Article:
In 2 Samuel 2, we see David began to deal with the problem of succession to Saul. Abner … commander of Israel’s army now became the effective power behind the throne. He placed Ish-Bosheth apparently Saul’s youngest and least effective son, in authority. Ish-Bosheth’s name means “man of shame.” He was 40 years of age (2 Samuel 2:10) when his father died is an important chronological fact. Since he is not listed as one of the sons of Saul at the beginning of Saul’s reign (1 Samuel 14:49) but is included in the total list of sons (1 Chronicles 8:33). Ish-Bosheth must have been born after Saul became king, indicating at least a 40-year reign for Saul.
Ish-Bosheth had a brief tenure as king, only two years. The fact that David reigned for seven and one-half years at Hebron before he made Jerusalem his capital (2 Samuel 5:5) need not imply that Ish-Bosheth also reigned for seven and one-half years. But this would contradict 2 Samuel 2:10. There may well have been an suspension of normal governing between Saul and Ish-Bosheth, and clearly David reigned for some time over Judah from Hebron after Ish-Bosheth’s death.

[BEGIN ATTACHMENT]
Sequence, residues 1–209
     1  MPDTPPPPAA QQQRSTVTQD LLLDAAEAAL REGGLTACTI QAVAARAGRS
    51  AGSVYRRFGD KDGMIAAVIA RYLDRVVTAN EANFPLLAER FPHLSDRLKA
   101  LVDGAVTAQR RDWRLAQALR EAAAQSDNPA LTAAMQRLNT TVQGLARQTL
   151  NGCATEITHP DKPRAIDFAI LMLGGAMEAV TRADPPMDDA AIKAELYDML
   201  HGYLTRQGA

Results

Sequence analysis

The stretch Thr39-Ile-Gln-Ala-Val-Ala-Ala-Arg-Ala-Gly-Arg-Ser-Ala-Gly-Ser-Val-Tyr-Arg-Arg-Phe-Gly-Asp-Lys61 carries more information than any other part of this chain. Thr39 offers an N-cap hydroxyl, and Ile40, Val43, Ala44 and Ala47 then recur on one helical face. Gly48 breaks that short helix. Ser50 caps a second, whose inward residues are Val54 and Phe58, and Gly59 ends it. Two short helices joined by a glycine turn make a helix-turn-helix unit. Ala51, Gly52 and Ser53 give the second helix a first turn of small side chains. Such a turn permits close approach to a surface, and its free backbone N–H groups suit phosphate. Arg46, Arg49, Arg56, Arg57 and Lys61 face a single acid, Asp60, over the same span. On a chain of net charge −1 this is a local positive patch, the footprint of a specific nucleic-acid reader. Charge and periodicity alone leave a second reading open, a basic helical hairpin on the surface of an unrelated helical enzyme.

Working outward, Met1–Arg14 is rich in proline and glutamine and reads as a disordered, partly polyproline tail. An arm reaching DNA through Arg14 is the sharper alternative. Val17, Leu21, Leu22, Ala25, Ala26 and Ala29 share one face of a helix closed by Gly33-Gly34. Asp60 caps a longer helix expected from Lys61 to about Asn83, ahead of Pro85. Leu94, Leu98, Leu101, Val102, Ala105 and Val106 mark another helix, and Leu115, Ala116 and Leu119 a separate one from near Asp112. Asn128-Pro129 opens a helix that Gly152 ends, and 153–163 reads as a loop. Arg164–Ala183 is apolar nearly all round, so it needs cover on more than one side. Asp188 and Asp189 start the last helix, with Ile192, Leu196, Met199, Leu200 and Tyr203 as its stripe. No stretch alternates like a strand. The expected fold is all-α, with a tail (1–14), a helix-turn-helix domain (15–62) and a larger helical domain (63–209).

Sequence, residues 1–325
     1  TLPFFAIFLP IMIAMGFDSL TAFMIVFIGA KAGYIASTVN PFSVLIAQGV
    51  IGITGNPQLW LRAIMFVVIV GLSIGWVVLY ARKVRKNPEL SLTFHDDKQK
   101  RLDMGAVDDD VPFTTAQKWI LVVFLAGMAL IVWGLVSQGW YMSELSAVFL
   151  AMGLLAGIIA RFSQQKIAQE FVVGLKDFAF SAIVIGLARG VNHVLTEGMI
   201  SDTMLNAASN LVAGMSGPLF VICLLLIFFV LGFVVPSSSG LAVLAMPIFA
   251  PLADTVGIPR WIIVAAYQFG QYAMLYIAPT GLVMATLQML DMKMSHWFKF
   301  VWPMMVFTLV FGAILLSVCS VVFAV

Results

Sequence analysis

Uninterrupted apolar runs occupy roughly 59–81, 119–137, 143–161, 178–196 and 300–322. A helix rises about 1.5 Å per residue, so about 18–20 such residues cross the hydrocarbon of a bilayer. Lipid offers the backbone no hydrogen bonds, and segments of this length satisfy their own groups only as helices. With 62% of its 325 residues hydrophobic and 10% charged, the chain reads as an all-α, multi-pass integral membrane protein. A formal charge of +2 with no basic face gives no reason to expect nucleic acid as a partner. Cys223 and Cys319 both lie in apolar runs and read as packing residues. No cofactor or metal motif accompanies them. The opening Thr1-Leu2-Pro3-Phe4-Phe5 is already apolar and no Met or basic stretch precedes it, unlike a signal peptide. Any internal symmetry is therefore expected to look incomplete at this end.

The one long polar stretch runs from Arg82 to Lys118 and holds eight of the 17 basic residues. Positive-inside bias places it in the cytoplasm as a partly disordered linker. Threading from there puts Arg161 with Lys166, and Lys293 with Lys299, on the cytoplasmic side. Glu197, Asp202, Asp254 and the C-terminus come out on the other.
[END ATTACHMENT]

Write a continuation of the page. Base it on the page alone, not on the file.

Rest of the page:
From the beginning of David’s reign his real rival in the North was not Ish-Bosheth but his general Abner. As though to clear the air and settle the question of royal succession, Abner and David’s military leader Joab appointed elite troops, 12 men on a side, to engage in hand-to-hand combat at Gibeon. The winners would decide the issue. The nature of the contest is unclear. Perhaps it took the form of a wrestling match which ended up in swordplay. The irregular use of daggers is suggested by naming the place of the contest Helkath Hazzurim or “field of daggers”.